Our readers know that James Young, the ex-High Constable of Philadelphia, and ourself have for a long time not been on very good terms and they knew, moreover, that the leading criminal authorities of Philadelphia have taken up Young's quarrel. Our differences are not personal, for we may say we do not know him, but they have grown out of his implication with the robbery of Livingston and Wells Express, in 1846; with the robbery of the President of the Chester County Bank, in 1847, for which he now remains under suspicion; and were confirmed into hatred on his part by our accusation that he was a party to the robbery of the State jewels from the Patent Office, in November 1848. We were led to this latter accusation in this wise.

On the 6th of October last, a few days after Young had failed in his daring and felonious attempt to swindle the renowned Charley Webb, the forger, under the alias of Jonathan Hunt, from the authorities of this State at Albany, we received telegraphic information, by the politeness of the Recorder of Philadelphia who was then in this city, that James of Jim Young, as he is more familiarly called, was on his road to this city in the cars. A watch was consequently set at the foot of Cortlandt street, and when he arrived, he was seen to meet two men who were in waiting for him. Near a gas lamp these two person espied a well dressed man, drunk upon a stoop. By way of professional divertisement they pounced upon him, and one held him in a convenient position while the other rifled his pockets. The man who did this latter branch of the business then took the proceeds of his efforts to the light, while the other helped him examine the haul by looking over his shoulder. Finally, they both indulged in a low laugh, pocketed the plunder and sauntered on, the officer on the watch, not daring to interfere or to obtain the name of the plundered man, for fear of violating his imperative directions, to lose no sight of Young. In a few minutes Young came out of the hotel, joined his pals, and the trio went up town together. Whether the latter related their exploit to their ex-official friend, we cannot tell, but they remained in each other's company till after midnight.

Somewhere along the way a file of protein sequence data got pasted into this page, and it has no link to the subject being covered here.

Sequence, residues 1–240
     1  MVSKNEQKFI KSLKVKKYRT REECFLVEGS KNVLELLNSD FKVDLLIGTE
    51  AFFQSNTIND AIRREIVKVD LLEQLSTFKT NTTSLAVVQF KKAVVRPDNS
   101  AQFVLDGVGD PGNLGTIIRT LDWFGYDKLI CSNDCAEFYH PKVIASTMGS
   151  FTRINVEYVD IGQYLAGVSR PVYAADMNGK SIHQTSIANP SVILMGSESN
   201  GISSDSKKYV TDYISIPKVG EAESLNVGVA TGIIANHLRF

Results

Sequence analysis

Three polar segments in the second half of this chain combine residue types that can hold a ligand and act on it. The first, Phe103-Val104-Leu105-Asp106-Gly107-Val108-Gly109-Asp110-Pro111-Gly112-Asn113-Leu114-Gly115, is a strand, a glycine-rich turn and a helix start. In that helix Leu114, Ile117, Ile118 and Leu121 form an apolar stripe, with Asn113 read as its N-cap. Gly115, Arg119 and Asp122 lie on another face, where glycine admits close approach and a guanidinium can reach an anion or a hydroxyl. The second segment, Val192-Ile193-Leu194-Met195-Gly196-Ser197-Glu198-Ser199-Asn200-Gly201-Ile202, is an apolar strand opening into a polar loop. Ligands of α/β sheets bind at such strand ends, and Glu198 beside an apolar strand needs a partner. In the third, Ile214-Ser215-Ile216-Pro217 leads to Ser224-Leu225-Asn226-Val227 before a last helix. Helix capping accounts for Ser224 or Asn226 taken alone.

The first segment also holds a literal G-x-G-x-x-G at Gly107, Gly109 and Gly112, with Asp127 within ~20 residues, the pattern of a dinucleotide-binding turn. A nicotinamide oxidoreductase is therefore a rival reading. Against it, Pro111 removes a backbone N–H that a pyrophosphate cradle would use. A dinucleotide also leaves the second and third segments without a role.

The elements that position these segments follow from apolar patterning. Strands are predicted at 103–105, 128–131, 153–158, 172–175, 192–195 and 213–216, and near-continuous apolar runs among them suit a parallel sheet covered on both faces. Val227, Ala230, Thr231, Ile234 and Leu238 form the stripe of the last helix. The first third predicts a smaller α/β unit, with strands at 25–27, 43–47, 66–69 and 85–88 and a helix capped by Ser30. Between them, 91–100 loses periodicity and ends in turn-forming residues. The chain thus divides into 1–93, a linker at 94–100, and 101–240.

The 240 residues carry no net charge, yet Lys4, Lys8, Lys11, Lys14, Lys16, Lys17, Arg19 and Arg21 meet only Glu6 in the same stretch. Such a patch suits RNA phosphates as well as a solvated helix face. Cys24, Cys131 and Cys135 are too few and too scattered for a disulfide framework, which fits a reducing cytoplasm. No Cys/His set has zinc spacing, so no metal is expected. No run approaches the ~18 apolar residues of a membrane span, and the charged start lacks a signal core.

It was evident to us and to all who supervised these movements, that there was heavy mischief breeding, for these two companions of the ex-High Constable were no smaller persons than Tom Hand, the burglar, and the celebrated Jim Webb, the brother to the forger before named. What the intended villainy might be, however, we none of us could guess, but the general conjecture was, that the object was to effect an arrangement for the restitution of the proceeds of the Chester County Bank.